'"Our Pro customers like you are really important to us. Although we didn't have a chance to talk about a new Mac Pro at [this week's] event, don't worry as we're working on something really great for later next year," he wrote.'
After which, he immediately picked up the phone and rang the Mac Pro team. "Start working on an update that we can call 'really great' when we announce it next year..."
My - admittedly "non-apple-approved" upgrades (not quite latest gen AMD GPU, upgraded XEONS) to my 1.1 should see me right for a good while yet*.
Those complaining about non-latest GPU's in factory fresh kit have a perfectly good point, but those of us with older kit outside of warranty are more than happy to flash the BIOS on a PC GPU, update QE_CI, and bingo - cheaper and faster GPU's than we'd ever get as standard.
*...*if* 10.7 doesn't consign it to the legacy cul-de-sac of death...
Re: MacPro 1.1
1.1 user here too, and mine is still running like butter six years later.
Therein lies the crunch though, as I buy workstations for graphics work every couple years, and while I've wanted Mac Pros, I always go with custom builds instead. I simply can't be bothered with playing the waiting game, only to find you have a measly choice of CPU loadout and graphics options.
How many Xeons were released this year? And all will be a year old by the time the 2013 MP comes out (which will probably offer 2 or 3, and won't tell you which chips they are on the product page anyway...all you need to do is know they're "really fast" :p).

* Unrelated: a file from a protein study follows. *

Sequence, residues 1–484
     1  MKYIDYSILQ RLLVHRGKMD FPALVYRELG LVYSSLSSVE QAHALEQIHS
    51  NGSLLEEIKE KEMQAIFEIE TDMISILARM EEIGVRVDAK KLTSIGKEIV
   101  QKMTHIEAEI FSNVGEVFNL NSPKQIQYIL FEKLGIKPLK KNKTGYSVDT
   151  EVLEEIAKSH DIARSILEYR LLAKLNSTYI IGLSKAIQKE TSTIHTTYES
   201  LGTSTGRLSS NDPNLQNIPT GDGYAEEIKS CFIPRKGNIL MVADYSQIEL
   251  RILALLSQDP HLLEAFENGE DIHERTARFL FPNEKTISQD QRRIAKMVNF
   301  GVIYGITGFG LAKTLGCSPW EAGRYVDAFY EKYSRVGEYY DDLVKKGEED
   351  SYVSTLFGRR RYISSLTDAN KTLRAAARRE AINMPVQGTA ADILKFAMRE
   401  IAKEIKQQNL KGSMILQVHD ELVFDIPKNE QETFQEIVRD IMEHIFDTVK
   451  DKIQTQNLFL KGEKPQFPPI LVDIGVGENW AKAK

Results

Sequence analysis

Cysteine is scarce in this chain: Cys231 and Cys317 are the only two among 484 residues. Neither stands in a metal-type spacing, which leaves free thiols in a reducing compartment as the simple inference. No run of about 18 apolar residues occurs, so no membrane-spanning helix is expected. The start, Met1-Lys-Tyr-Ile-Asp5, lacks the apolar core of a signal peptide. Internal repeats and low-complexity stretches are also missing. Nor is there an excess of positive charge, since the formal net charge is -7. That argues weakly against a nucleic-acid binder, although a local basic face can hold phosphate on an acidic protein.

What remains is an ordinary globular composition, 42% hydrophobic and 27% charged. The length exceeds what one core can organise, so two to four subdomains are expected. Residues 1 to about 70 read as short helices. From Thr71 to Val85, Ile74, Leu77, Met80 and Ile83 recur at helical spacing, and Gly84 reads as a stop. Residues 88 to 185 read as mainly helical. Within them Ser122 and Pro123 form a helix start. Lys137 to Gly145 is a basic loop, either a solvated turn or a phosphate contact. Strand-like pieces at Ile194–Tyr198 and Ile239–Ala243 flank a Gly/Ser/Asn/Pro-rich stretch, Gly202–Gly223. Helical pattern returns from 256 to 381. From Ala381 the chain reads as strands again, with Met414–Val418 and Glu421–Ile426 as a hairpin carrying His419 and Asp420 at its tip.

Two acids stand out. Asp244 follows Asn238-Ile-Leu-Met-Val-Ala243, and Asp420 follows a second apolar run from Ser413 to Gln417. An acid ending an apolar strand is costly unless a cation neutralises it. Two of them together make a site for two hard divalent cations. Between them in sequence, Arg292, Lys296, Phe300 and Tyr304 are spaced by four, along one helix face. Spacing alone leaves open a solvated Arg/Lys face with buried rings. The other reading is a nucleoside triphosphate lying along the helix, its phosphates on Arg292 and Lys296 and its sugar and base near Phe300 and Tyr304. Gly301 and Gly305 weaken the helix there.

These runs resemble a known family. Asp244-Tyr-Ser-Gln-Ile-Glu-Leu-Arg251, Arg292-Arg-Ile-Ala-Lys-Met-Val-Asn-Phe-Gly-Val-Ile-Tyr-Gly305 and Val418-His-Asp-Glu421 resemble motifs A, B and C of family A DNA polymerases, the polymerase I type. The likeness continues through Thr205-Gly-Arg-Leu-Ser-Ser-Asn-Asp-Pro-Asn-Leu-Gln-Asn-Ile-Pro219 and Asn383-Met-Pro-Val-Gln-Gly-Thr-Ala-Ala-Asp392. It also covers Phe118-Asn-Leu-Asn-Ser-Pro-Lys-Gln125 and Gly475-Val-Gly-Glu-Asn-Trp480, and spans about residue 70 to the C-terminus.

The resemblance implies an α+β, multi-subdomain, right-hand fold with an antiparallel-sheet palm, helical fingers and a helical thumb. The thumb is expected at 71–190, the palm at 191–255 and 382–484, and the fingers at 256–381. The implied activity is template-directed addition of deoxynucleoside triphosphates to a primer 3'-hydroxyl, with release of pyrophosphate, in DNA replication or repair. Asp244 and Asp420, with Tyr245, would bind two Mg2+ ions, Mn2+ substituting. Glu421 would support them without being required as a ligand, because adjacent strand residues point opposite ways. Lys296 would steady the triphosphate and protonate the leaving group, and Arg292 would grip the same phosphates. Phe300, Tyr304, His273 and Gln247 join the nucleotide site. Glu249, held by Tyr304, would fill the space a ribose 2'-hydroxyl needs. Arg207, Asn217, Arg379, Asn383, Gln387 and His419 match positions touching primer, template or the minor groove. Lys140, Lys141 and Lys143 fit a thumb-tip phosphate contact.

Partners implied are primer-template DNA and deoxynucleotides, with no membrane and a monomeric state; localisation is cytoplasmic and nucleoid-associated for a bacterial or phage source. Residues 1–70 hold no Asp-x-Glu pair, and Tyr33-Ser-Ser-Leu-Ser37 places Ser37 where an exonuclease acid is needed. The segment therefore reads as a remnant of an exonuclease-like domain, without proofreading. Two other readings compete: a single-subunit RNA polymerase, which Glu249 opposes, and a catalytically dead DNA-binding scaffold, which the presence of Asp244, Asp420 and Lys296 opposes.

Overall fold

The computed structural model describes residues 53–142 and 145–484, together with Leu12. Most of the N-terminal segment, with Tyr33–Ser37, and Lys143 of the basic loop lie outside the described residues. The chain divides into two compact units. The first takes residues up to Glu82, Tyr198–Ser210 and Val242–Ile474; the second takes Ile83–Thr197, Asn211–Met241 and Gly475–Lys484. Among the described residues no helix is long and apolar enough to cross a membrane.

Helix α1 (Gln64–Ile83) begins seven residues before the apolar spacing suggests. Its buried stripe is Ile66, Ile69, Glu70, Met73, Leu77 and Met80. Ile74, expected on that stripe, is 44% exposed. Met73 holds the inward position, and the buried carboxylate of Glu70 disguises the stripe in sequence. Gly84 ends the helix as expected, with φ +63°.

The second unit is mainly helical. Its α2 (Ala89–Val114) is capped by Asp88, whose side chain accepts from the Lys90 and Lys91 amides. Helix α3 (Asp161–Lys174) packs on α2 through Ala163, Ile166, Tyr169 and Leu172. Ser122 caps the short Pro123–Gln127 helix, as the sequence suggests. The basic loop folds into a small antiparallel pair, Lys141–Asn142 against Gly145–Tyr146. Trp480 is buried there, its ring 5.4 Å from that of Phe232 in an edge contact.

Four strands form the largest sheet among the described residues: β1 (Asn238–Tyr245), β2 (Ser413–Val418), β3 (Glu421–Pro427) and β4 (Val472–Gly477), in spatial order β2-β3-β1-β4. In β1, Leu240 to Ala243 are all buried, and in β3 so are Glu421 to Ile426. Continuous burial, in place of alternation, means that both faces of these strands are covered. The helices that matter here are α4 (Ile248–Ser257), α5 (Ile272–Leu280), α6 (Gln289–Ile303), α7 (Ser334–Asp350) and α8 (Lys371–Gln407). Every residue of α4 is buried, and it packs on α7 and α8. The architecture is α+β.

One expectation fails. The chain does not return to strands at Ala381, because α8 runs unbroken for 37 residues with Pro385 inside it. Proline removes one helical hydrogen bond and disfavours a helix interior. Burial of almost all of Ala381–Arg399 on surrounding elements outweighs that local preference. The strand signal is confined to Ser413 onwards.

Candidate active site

The decline and fall of an apple....
... is it already happening? non-announcements, competitors biting at their heels, little in the way of vision of excitement - more of the same, and in this case, less.
Re: The decline and fall of an apple....
"more of the same"...kind of applies to your post too :P
Easiest to do, hardest to sell
A bit like putting out an android phone.
The problem is that Apple's forte is giving consumers a top-of-the-line interface by which apple means, good display tech, nice visuals, good (battery) availability, nice touch and feel.
For a pro machine, its likely that users will go for best of breed mix & match. The "good enough for most consumers wrapped in a really nice interface" doesn't cut it in that market. They will pick their own outrageously priced monitor and not care a hoot about the label. You aren't likely to sell them a magic mouse either.
So far, apple seem to have the dual-cpu workstation to themselves. When you have a tower capable of multiple drives, thunderbolt is less important. To go "revolutionary" (ok, evolutionary) on this, they need more cpu's and more gpus which means working with AMD & nvidia.
They could do a quad-xeon box but that's a whole lot more tech on the motherboard and costs more / eats margin. They could go SLI/Crossfire in OSX but that's more work from AMD/nvidia which appears to be hard to come by and mostly fuels the hackintosh market.
My guess is that they'll do something with LGA 2011. Let's hope they do something more than add 14 SATA ports and 20 USB ports, as most mobo makers appear to have done. Thunderbolt would be a start, though not terribly useful except for fast portable disks.